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Animals In Print
The On-Line Newsletter

From 10 December 2001 Issue

Stop Animal Exploitation NOW! (SAEN) Complaint alleges abuse

By ROBERT STERN Staff Writer

Animal rights group claims Princeton mistreats primates

PRINCETON BOROUGH _ An animal-protection group wants to end what it says are abusive and inadequately documented experiments on primates at Princeton University and 49 other nationally recognized laboratories.

The Cincinnati-based organization, Stop Animal Exploitation NOW! (SAEN), has filed a complaint against the labs with the U.S. Department of Agriculture, which regulates the use of animals in experimentation through the Animal Welfare Act.

SAEN alleges labs at Princeton and elsewhere abuse primates during experiments by denying food and water and confining them to restraint chairs or injecting them with paralytic drugs.

It also contends 47 of the labs in its complaint including Princeton have violated federal regulations that require USDA notification whenever primates are subject to potentially painful or stressful experiments without anesthesia.

"Fifty prestigious institutions are systematically violating federal laws and abusing thousands of animals in sadistic, wasteful testing,'' said Michael A. Budkie, SAEN's executive director.

SAEN submitted its complaint to the USDA during the summer.

The group contacted The Times earlier this month after getting no word from the agency on whether it began investigations against any of the labs cited, which include the Massachusetts Institute of Technology, Harvard, Yale and UCLA.

SAEN says its complaint is based on an audit of experiment information from 1998 primarily available through the USDA.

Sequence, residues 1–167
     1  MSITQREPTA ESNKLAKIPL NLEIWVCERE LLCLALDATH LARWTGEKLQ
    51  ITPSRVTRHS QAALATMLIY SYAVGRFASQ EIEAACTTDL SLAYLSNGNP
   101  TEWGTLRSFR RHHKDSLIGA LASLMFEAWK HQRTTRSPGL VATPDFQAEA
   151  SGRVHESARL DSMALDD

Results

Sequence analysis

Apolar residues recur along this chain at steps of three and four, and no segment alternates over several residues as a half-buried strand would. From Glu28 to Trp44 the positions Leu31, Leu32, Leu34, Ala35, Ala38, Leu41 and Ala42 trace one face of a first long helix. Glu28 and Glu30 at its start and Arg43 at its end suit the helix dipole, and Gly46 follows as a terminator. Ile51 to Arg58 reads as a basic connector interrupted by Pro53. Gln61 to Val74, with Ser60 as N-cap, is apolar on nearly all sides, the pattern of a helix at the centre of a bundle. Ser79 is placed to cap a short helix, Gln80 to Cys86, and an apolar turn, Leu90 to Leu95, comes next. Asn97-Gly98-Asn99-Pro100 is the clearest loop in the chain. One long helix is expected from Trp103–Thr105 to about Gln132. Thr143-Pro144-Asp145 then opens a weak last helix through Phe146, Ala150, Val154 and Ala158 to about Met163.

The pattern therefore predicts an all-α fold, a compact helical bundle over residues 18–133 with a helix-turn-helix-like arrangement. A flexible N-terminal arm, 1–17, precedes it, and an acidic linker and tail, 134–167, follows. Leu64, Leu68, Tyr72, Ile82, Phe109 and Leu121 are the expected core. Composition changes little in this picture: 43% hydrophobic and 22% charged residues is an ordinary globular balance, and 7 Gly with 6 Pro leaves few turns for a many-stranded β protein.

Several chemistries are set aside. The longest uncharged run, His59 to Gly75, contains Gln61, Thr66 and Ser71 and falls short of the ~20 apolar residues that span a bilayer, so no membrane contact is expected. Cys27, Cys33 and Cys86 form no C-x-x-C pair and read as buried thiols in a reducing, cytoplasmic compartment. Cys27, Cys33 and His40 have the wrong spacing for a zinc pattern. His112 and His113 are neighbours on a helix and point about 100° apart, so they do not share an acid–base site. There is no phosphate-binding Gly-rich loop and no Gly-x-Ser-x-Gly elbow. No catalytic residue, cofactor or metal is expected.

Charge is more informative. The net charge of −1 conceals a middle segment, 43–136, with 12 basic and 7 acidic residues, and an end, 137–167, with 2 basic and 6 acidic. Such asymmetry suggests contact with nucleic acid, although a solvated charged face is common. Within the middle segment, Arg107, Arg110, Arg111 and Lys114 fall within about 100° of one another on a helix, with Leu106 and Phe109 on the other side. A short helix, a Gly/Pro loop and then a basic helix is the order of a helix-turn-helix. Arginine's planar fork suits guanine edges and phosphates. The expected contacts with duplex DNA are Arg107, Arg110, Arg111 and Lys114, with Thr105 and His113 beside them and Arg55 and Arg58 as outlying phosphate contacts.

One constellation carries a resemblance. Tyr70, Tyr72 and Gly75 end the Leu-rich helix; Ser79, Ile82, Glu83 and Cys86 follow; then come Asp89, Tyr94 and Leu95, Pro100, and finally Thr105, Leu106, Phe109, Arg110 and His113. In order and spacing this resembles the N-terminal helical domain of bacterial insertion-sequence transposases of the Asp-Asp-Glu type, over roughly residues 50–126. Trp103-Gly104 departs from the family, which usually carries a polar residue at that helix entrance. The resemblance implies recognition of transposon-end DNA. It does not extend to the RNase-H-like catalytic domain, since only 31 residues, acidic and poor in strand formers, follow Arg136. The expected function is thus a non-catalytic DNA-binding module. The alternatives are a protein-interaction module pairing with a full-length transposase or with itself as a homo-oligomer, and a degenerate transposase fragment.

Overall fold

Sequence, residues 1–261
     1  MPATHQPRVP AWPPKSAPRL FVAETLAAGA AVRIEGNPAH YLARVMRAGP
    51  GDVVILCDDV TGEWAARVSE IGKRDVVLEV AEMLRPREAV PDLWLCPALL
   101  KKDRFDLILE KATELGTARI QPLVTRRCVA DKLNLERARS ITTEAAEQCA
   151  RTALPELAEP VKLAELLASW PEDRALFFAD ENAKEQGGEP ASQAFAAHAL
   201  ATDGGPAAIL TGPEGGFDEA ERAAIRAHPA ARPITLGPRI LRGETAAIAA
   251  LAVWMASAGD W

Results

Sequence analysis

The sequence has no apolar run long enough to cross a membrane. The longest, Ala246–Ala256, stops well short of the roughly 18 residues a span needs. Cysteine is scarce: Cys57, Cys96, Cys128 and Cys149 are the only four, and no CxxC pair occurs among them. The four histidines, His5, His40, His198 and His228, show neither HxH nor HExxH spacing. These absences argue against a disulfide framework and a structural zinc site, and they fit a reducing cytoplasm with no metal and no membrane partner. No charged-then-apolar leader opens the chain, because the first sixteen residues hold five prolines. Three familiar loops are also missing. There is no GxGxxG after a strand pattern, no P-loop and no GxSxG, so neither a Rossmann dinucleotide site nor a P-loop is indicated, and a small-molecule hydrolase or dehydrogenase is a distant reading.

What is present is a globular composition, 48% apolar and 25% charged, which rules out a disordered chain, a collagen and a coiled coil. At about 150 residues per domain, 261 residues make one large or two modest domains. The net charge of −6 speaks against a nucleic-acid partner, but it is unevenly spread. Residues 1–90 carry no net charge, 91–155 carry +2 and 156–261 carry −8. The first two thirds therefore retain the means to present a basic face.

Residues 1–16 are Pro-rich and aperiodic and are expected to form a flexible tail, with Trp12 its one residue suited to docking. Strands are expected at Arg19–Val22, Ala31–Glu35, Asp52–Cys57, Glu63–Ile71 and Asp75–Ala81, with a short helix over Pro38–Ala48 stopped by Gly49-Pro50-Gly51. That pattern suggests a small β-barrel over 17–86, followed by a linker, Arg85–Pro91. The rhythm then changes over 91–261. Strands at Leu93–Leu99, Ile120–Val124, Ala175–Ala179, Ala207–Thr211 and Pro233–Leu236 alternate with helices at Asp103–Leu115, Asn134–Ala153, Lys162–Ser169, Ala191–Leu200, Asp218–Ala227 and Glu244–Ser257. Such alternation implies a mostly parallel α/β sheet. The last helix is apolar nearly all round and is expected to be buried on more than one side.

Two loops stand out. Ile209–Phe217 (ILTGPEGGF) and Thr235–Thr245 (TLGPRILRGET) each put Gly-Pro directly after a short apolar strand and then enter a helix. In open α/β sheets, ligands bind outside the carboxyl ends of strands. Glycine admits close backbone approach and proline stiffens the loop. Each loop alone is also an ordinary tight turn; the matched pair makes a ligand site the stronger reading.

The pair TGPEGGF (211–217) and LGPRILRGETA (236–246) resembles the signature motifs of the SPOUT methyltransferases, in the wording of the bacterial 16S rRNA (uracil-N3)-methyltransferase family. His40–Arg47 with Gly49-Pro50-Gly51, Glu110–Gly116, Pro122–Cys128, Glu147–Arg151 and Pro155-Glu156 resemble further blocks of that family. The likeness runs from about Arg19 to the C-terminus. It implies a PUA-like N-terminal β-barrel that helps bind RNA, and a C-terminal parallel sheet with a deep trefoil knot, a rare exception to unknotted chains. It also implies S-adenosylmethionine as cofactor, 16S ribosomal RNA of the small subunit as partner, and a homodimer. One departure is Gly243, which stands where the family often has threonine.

The federal agency is reviewing SAEN's allegations but has not decided whether it will launch special investigations into any of the labs in the complaint, USDA spokeswoman Laura Reiser said Friday.

The continuing Princeton monkey experiments that have come under fire are brain-mapping studies conducted by a team of researchers led by psychology professor Charles Gross, according to SAEN Executive Director Michael Budkie.

"Brain-mapping experiments typically confine primates to restraint chairs for many hours,'' SAEN's complaint states.

The primates have recording cylinders and restraining bars "bolted into their skulls during extensive multiple surgical procedures,'' according to SAEN.

"Another aspect of this type of experimentation is the frequent restriction of access to water,'' the group alleges.

Gross did not return The Times' requests for comment.

Princeton spokeswoman Lauren Robinson-Brown said SAEN's "complaint against Princeton is without merit.''

She said USDA inspectors visit Princeton regularly to ensure that any research on animals conducted there complies with federal regulations.

Some of the experiments SAEN examined have been going on for 10 years or more, too often subjecting monkeys to stress and pain in research that is needlessly duplicated from institution to institution, Budkie said.

"We believe that these 50 labs may only be the tip of the iceberg,'' Budkie said. "More than 100,000 primates suffer and die in U.S. labs every year, wasting millions of tax dollars.  These findings are only the beginning of our investigations.''

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